On this day in 1907, Indian Territory and Oklahoma Territory collectively enter the United States as Oklahoma, the 46th state. This made all Indians in the state U.S. citizens.
First, the name comes from the Choctaw Indian words “okla,” meaning people, and “humma,” meaning red.
Next, the five rays of the large star in the Great Seal of the State display the seals of the “Five Civilized Tribes.” The Cherokee, Chickasaw, Choctaw, Creek, and Seminole all have a major presence due to the forced relocation of the early 1800s.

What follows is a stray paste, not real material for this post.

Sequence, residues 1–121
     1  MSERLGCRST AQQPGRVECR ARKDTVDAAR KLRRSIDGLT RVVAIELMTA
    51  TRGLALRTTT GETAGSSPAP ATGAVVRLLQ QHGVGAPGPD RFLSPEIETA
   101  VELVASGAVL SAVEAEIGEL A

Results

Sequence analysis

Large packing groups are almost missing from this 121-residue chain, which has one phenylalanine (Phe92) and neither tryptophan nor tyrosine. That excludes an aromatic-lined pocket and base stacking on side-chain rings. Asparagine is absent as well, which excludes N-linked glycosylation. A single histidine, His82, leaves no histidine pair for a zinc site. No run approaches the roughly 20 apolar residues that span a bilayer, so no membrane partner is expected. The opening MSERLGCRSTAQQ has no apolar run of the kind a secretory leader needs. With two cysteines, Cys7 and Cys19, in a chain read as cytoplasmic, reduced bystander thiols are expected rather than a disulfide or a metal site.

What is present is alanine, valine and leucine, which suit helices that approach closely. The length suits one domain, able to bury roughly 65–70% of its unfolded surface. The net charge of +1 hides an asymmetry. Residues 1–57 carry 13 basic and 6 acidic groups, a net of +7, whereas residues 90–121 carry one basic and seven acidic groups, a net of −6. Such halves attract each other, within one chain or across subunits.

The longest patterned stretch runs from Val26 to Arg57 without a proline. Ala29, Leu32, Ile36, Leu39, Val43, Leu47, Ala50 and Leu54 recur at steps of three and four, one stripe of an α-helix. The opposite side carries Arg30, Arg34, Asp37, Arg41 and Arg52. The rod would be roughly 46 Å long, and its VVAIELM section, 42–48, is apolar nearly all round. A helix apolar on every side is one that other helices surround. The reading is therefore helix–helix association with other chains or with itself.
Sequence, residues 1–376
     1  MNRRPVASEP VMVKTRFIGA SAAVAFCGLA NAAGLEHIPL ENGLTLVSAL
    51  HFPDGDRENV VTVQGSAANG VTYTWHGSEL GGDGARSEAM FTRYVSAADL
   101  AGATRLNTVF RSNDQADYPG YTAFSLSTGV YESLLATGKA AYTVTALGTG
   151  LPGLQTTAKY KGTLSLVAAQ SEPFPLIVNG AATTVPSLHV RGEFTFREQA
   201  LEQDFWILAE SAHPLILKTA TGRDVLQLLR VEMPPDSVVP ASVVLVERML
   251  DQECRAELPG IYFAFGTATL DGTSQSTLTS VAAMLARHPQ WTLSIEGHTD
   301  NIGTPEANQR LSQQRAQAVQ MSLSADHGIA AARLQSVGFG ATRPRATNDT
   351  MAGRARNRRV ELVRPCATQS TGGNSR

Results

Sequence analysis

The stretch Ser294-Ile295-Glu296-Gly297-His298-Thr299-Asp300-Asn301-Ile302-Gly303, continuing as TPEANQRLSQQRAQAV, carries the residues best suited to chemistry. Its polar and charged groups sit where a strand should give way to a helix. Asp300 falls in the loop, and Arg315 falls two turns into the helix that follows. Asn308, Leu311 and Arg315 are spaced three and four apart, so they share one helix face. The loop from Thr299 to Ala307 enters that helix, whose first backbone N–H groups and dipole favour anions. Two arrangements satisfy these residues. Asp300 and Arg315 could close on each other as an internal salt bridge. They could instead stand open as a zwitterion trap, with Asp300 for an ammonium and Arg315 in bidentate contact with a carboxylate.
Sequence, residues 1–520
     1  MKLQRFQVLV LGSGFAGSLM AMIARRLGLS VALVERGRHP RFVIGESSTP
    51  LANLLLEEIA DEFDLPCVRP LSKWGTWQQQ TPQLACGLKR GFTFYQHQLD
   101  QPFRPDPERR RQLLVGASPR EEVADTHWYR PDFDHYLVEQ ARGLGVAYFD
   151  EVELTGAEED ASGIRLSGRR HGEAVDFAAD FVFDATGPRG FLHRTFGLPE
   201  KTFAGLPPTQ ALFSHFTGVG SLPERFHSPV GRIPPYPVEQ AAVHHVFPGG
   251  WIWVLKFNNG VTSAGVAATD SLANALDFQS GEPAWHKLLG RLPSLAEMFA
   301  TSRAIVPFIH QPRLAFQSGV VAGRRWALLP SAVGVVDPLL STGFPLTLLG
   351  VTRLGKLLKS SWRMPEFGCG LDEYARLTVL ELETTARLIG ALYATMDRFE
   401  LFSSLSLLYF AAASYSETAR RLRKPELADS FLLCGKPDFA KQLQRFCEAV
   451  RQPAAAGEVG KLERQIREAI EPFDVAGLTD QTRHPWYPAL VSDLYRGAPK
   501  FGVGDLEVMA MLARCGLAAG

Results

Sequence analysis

So, on September 17, 1907, representatives of both territories drafted a constitution, which was approved by voters from both territories.
As is often the case with state constitutions, the Preamble of the Constitution of the State of Oklahoma reads:
“Invoking the guidance of Almighty God, in order to secure and perpetuate the blessing of liberty; to secure just and rightful government; to promote our mutual welfare and happiness, we, the people of the State of Oklahoma, do ordain and establish this Constitution.”